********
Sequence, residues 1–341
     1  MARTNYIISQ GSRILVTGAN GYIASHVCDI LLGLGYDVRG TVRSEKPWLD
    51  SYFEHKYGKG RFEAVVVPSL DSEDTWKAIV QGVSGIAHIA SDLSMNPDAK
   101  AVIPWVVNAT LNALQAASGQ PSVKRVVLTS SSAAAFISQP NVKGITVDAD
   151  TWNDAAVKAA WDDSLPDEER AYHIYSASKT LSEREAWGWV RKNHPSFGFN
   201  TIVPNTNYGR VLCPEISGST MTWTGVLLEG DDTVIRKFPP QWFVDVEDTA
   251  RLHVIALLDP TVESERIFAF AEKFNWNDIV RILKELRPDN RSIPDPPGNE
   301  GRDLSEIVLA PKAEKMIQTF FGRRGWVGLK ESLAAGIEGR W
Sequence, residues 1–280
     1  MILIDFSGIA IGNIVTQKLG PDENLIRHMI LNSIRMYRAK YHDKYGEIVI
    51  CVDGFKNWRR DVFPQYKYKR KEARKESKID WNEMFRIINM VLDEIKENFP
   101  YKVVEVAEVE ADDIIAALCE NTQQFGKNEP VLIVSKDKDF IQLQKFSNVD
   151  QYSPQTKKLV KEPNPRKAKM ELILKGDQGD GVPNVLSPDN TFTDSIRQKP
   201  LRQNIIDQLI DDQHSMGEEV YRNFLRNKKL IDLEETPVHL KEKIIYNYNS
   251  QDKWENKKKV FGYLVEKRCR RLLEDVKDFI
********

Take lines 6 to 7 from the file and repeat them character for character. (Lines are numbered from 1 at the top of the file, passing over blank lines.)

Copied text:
   201  TIVPNTNYGR VLCPEISGST MTWTGVLLEG DDTVIRKFPP QWFVDVEDTA
   251  RLHVIALLDP TVESERIFAF AEKFNWNDIV RILKELRPDN RSIPDPPGNE